5 Share of persons aged 0+ with an equivalent disposable income below the at-risk-of-poverty threshold, which is set at 60 % of the national median equivalised disposable income (after social transfers).

Drug use among the general population and young people

The most recent data on drug use in the general population are based on a survey conducted in 2008 among people aged 15–69. Whilst a 2003 survey found that 15 % of people aged 15–64 had tried drugs at some point in their lives, the 2008 survey found that 21 % of people in the same age group had tried drugs. Lifetime prevalence of drug use had increased in both the older and the younger age groups, but it was considerably higher in the younger age groups. The increase was particularly significant in the 25–34 age group, where 36 % of people had already tried an illicit drug at least once in their lifetime (16 % in 2003).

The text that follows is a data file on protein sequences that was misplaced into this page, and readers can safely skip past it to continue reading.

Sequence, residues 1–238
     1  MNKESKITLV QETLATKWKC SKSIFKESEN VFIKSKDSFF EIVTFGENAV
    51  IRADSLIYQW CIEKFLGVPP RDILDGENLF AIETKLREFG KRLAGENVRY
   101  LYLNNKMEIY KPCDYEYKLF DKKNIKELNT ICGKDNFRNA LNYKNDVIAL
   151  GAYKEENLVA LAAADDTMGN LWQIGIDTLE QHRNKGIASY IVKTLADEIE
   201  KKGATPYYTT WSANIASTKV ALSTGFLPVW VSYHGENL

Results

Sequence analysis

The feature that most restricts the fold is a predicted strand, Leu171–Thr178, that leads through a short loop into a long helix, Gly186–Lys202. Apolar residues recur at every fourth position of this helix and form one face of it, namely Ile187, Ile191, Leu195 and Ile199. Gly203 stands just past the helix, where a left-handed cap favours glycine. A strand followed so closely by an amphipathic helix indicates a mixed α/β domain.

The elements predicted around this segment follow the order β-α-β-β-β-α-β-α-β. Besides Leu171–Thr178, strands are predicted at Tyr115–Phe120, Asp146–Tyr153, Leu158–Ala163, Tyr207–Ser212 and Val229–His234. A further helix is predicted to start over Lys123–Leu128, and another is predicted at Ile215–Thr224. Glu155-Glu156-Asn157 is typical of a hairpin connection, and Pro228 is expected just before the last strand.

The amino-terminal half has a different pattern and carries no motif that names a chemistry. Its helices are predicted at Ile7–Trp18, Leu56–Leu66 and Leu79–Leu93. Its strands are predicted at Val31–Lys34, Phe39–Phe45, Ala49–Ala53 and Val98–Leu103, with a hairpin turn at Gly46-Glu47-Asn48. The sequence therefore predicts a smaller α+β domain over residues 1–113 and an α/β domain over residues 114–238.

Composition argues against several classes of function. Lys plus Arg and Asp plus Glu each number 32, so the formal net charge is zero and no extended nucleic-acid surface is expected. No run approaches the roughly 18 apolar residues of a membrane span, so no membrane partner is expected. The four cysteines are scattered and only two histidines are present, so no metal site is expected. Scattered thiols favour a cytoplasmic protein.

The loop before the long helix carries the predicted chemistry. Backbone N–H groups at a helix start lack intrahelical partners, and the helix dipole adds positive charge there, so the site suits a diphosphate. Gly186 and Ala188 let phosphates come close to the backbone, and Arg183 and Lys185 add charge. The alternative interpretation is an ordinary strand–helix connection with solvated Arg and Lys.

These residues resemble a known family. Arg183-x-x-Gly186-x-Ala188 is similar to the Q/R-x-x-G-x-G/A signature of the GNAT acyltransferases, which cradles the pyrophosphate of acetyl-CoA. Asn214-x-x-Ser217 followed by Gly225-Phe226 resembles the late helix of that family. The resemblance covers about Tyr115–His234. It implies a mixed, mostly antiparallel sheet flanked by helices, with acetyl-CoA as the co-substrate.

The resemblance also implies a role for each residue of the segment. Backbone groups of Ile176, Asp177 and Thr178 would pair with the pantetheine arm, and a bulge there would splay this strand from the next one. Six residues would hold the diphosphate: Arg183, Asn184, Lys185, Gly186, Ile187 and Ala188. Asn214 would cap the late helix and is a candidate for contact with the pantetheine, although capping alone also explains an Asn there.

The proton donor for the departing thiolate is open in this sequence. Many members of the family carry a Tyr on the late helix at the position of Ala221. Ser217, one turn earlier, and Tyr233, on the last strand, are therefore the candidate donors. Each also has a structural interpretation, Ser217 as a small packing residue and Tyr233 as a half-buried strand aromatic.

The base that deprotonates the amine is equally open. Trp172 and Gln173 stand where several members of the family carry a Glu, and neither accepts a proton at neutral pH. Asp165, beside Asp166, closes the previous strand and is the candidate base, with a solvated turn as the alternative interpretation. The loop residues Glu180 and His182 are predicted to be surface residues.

The European School Survey Project on Alcohol and Other Drugs (ESPAD) has been conducted regularly in Estonia since 1995. The latest survey was in 2011, based on a nationwide sample of schoolchildren aged 15−16. The results for the 15- to 16-year-old age group for 1995–2007 revealed an increase in prevalence rates for illicit drug use, with some stabilisation signs in the latest available study. Lifetime experience of any illicit drug other than marijuana and hashish more than tripled between 1995 (2 %) and 1999 (9 %), and reached 10 % in 2003, but declined to 8 % in 2011. In 1995 some 7 % reported lifetime use of marijuana/hashish, 23 % in 2003, 26 % in 2007 and 24 % in 2011. Lifetime use of ecstasy, which increased from 3 % in 1999 to 6 % in 2007, had dropped to 3 % in 2009. In 2003, the lifetime prevalence of amphetamine use was 7 % and in 2011 it had decreased to 3 %. The most recent survey indicates a last year prevalence of cannabis use of 17 %, and last month prevalence of 6 %. In terms of gender distribution, boys reported use of illicit substances more frequently than girls; however, prevalence rates among boys remained stable in 2011 compared to the results of 2007 study, while among girls there was an increase in prevalence in the same time period.